R&D labs allow us to cut software development, debugging and testing time significantly. The customer does not need to allocate time and resources on hiring engineers and setup activities; the client’s own staff workload decreases, including support, developers and experts. Our premises already have a basis to build up necessary infrastructure, which means we can deploy a lab in a matter of weeks, ensure a smooth and streamlined shipment process, and provide regular calibration of equipment and third-party simulators. Having a real device (or the entire product line) in place greatly simplifies and shortens the communication chain. We know how to handle complex life- and safety-critical equipment, and we comply to international standards and use best practices in our work. In other words, our customers get access to equally knowledgeable personnel, hands-on experience in various domains, time-proven practices, geared-up infrastructure and lower costs of a nearshore or offshore location.
Why have R&D labs in the digital age?
Virtual is part of the game. Our motto here is: get the best of two worlds, meaning our engineers perform part of the tasks using simulation, HIL platforms and all kinds of test stands and debugging devices. However, a great deal of the tasks can only be done on real devices. Particularly, when we are talking about life- or safety-critical device there are scenarios that demand testing it “the good old–fashioned way”.
To name the few, almost all scenarios involving device preproduction phase, or resolving issues/adding functionality for already produced products largely depend upon real lab work and cannot be 100% covered by simulation due to the complex physical nature of the device: it consists of different parts, that are integrated and interoperating with each other. I believe in a healthy balance between real devices and simulators; however, creating high-quality mathematical and physical models of complex devices (for example, an induction motor) takes a lot of time and may be financially unprofitable. At some point, the cost of the development of a detailed mathematical model may be close to the cost of the real device development.
Another scenario of “simulation isn’t the case” comes to my mind when the device we are working on needs to be certified to be set to production. Verification and validation of such equipment should be performed on real devices for the most regular and commonly used configurations. Without R&D labs on the vendor’s side, developers should travel onsite to the customer, which is not economically feasible.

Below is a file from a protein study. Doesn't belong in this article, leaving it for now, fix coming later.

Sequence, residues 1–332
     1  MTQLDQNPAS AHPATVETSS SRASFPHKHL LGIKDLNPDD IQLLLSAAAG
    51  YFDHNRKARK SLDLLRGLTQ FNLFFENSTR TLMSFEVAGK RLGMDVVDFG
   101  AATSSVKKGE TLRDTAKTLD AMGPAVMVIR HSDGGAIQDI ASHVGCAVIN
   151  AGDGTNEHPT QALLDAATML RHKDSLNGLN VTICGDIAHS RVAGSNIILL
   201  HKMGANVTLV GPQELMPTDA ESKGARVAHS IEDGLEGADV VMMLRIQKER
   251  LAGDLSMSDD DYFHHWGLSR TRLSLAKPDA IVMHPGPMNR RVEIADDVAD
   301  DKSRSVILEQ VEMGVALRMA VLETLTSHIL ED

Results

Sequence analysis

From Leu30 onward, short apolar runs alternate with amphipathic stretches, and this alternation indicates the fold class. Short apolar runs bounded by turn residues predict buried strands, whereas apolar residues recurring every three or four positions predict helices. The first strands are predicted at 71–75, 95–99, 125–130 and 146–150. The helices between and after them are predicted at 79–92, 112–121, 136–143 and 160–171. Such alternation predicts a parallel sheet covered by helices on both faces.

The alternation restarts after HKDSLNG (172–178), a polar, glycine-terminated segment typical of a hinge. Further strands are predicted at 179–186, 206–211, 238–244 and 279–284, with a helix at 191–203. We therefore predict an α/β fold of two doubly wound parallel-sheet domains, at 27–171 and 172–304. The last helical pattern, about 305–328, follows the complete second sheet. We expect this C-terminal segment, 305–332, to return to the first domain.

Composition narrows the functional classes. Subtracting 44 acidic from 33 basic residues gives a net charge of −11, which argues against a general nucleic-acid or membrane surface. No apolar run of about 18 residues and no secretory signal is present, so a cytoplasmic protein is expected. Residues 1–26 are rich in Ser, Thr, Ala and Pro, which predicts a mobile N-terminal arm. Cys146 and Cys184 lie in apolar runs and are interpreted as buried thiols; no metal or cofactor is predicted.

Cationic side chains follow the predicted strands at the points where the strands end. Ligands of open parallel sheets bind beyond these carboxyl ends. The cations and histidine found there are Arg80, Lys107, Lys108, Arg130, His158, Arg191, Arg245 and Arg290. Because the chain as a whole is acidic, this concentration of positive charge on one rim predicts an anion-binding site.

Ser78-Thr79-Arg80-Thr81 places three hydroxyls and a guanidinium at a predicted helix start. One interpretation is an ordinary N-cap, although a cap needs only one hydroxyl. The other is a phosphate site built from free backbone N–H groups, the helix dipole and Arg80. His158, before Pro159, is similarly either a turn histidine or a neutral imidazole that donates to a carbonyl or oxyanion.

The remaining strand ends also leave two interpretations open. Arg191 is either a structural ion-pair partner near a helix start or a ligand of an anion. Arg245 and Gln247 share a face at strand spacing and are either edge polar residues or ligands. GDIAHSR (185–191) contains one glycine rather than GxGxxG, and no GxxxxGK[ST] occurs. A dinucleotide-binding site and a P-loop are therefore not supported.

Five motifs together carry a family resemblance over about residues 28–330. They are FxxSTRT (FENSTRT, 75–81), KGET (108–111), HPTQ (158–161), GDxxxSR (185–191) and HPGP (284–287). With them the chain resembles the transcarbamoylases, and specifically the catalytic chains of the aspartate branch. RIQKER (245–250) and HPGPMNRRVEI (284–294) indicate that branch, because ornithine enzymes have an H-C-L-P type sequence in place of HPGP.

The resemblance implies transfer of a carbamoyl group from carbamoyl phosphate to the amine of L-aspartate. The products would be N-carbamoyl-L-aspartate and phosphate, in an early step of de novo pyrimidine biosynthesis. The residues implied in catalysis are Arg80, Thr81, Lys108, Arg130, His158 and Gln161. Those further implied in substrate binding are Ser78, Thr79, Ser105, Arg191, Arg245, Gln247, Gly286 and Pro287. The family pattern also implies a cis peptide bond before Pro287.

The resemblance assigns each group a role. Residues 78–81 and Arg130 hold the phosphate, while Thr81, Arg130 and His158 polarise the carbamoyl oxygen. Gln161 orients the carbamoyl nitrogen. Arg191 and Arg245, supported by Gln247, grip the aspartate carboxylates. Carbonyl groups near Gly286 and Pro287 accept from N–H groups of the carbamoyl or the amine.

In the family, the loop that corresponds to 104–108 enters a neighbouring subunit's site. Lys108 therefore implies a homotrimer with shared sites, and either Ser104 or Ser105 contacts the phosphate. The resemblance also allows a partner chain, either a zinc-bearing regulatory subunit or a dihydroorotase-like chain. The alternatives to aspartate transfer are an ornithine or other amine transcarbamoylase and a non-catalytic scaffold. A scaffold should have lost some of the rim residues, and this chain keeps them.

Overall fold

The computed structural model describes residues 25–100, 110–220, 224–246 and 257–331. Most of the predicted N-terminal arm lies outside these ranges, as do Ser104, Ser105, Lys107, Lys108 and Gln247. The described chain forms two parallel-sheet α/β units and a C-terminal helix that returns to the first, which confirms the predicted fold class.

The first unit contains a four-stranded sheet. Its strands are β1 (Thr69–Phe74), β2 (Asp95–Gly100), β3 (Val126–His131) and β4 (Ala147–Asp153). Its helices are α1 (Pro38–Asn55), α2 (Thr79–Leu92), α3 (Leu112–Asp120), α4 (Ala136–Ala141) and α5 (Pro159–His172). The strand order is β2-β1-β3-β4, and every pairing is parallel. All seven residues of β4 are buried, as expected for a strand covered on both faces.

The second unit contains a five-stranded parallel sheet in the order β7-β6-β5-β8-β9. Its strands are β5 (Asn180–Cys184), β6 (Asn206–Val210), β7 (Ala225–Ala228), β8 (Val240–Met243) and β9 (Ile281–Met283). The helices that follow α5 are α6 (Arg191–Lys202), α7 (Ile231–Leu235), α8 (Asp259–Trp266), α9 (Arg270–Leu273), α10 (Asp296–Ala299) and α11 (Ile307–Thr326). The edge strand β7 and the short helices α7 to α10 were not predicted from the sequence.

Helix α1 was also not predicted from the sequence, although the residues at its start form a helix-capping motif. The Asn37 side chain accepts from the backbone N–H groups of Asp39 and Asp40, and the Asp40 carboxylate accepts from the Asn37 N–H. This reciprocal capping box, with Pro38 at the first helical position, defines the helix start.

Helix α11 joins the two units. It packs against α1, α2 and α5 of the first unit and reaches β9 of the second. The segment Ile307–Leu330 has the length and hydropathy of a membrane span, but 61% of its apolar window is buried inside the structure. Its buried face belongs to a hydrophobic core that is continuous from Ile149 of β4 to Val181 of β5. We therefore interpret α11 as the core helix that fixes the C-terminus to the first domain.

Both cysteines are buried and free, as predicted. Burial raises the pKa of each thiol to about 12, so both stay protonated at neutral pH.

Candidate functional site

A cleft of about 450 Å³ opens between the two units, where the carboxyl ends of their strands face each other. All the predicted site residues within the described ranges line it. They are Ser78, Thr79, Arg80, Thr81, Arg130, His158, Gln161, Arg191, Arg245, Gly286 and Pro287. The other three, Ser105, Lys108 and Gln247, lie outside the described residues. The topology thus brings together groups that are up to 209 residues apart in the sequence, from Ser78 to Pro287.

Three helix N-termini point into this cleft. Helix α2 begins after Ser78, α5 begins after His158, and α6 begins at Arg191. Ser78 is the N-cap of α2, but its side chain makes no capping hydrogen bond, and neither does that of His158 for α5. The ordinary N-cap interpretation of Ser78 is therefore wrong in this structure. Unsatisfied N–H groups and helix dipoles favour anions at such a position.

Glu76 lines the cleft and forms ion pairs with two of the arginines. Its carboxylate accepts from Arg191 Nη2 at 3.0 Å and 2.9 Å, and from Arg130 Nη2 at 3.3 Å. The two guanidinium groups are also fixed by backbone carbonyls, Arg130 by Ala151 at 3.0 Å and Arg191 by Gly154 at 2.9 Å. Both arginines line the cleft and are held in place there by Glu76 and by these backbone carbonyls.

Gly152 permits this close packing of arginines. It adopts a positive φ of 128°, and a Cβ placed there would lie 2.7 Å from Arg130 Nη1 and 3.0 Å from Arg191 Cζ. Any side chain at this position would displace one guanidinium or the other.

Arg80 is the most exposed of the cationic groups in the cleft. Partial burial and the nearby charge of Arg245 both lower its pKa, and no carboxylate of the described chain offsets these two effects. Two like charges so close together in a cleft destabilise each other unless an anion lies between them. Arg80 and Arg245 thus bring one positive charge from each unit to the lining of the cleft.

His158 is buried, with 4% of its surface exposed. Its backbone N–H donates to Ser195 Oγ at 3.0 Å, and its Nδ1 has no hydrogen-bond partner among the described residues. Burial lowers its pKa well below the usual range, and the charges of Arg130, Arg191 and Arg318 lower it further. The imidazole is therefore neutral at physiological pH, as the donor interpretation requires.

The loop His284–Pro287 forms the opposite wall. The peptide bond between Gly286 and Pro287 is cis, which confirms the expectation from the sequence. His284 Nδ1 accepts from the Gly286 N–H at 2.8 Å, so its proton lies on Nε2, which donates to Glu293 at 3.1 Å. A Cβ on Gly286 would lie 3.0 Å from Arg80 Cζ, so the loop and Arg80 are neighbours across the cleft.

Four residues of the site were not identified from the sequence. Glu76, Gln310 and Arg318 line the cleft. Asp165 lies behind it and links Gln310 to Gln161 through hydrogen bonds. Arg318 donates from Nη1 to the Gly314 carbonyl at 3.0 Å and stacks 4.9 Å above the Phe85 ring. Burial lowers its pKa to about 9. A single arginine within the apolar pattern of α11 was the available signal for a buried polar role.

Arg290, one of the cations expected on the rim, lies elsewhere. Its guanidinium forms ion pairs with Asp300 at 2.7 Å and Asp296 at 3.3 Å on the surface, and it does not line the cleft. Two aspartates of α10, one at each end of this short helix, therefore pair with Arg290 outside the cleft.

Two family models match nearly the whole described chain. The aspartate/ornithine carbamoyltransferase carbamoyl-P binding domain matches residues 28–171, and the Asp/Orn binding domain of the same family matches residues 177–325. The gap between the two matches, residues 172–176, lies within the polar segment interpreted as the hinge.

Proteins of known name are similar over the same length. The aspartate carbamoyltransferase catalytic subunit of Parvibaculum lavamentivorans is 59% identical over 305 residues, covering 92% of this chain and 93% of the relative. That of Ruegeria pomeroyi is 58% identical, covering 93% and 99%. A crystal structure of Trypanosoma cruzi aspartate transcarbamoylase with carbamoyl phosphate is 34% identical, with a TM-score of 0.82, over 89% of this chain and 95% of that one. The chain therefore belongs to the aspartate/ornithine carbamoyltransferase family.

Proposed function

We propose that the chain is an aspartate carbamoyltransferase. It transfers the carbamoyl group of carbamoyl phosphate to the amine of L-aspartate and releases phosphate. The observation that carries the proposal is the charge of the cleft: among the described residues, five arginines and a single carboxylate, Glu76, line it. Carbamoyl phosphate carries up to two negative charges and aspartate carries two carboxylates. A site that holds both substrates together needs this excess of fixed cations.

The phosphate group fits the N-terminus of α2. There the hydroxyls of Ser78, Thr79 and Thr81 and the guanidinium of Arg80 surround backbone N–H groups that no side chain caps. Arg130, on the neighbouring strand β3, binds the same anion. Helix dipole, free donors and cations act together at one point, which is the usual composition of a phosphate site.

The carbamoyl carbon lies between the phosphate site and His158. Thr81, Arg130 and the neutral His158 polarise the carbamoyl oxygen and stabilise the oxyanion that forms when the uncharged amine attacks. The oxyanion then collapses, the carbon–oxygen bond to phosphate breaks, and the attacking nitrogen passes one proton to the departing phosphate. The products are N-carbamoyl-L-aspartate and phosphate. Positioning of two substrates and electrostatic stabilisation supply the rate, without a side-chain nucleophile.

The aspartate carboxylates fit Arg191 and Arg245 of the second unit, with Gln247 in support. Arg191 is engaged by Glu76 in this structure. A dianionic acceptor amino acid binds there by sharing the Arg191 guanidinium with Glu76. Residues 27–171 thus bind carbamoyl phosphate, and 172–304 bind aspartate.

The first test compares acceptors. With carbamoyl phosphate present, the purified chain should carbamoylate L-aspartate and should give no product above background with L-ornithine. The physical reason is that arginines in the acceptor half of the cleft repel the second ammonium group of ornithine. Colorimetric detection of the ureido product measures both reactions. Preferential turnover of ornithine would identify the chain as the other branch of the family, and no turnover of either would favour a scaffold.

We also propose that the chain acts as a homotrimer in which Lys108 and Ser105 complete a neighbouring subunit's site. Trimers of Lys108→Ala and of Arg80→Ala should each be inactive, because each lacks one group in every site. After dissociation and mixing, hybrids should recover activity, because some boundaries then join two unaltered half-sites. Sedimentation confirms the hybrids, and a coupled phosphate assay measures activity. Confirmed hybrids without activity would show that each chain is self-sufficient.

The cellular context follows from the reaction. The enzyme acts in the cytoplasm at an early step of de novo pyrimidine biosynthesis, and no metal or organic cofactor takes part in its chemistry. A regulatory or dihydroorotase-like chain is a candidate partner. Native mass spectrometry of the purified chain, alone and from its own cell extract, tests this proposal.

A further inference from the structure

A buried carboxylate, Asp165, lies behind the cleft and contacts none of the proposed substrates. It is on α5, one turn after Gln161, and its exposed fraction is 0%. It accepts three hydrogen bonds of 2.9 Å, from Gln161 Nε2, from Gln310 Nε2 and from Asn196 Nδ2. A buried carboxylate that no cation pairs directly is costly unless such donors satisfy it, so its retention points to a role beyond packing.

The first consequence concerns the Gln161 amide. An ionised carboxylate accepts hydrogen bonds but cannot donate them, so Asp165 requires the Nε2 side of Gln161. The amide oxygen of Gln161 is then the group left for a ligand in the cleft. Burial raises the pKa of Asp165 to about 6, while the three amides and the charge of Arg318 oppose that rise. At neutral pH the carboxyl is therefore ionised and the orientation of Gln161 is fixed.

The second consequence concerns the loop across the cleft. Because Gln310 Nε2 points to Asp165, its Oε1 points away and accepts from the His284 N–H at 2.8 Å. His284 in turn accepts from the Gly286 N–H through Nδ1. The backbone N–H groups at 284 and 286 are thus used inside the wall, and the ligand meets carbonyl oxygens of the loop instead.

And if this is not enough, I can give you one more argument in favor of the labs. Sometimes the device passes all tests and goes into series, and suddenly (and this is not so rare) an assembled ready-to-use device gives errors that could not be reproduced neither in simulations, nor in testing. They can be assembly errors (for example, a slightly increased tolerance) or some very rarely reproduced bugs that occur, relatively speaking, on three out of 10,000 devices. Without investigating real devices, it is impossible to say exactly what affects their functionality.
The bottom line is that if your software is designed to run on a real device not in a fully virtualized, there will come a point where you will need to test it thoroughly on that device. Yes, digital twins and simulation model save a ton of time shifting your production schedule left (and we will talk about it really soon), but, simply put, there is no emulator of even digital twin yet that will precisely duplicate the functioning of real-world electronics or the physical environment in all its uniqueness or real operating activities and user experience in its full. The trick is, though as usual, to find a reliable and knowledgeable vendor you can trust. And this is a subject we have been blogging about for a long time (for example, here are the two unexpected key selection criteria for your attention).
For Auriga, every R&D lab is a new level of customer relationships, a token of trust and confidence in our reliability. Each of them is tailored to the specific needs and requirements of a particular client and becomes a knowledge hub for the customer on its own products and artifacts collected which importance could not be overstated. New product development, porting to new platforms, interoperability support – labs are playing an essential role in SDLC. While, definitely not every project and every customer need a lab to be deployed, it is still a valuable and resources saving asset to their business.
Vyacheslav Vanyulin, CEO, Auriga